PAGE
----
mailboxes header
mailboxes header

Direct Mail Principles: 101


When it comes to communicating with donors – both current and prospective – it’s hard to know the best course of action to take to produce sustainable results. Although studies can tell us about the average donor’s age, demographic and income level, the fact remains that everyone is different and therefore may respond in various ways to different messages. So what’s the best way to communicate with the people who care about your organization?

Direct mail is a time-tested, targeted form of communication between your organization and your donors. Though it’s true that electronic communication is becoming more widely-used in an increasingly web-centric world, direct mail is still the most effective way to communicate with a large, broad base of people.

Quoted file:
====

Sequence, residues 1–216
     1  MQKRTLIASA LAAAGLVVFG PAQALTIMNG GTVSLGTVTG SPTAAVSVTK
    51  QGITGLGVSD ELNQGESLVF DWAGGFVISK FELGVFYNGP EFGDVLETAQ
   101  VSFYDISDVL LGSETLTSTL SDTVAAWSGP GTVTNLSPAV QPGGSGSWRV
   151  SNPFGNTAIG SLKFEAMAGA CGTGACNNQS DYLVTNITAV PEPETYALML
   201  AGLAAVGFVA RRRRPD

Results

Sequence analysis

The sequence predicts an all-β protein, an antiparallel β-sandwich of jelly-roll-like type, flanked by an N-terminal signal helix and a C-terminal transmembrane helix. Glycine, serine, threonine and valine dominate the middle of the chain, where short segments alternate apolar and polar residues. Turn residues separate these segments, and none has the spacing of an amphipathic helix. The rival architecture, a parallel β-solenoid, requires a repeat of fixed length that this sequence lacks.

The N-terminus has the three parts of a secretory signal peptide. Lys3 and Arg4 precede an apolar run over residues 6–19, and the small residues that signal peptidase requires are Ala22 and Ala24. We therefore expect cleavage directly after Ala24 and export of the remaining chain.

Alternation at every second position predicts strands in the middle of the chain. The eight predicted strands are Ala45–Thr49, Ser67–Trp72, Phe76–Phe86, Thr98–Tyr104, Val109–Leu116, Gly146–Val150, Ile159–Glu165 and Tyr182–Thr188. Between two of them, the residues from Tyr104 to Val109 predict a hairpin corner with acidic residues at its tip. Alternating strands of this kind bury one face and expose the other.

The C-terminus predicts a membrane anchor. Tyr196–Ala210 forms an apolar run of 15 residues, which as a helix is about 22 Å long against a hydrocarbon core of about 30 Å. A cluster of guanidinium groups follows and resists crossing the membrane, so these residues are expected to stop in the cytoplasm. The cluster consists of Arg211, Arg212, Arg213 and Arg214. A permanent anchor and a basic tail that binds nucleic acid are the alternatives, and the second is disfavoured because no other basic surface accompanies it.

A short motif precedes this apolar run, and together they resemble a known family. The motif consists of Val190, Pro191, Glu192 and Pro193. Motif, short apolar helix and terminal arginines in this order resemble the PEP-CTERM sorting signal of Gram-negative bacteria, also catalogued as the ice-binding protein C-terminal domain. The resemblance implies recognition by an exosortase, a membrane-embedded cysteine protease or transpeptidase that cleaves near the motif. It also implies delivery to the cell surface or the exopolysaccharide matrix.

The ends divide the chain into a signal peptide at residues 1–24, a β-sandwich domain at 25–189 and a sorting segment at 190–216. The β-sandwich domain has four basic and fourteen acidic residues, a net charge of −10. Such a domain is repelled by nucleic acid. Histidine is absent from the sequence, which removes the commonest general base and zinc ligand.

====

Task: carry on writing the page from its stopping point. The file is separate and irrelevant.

As you’ll read in the following pages, direct mail is not only an excellent vehicle for presenting your organization’s unique opportunities, it’s useful for segmenting your communication, finding new support, and, because it’s so easy to tailor your messages specifically to your donors, producing dramatic results.


So how do you make a direct mail package stand out from bills and junk mail? How do you compel donors to open your mail, read it, and most importantly, respond to it?

An effective fundraising letter has three important components:

First, it’s an appeal from one person to another. Every direct marketing piece you send, whether to prospective or current donors, should come from one person: the president or executive director. Donors want to feel like they’re receiving a letter from a person who recognizes and understands their philanthropic interests. Signing letters with different staff members’ names can be confusing and makes the appeal seem less personal. And the more personal the letter is, the better.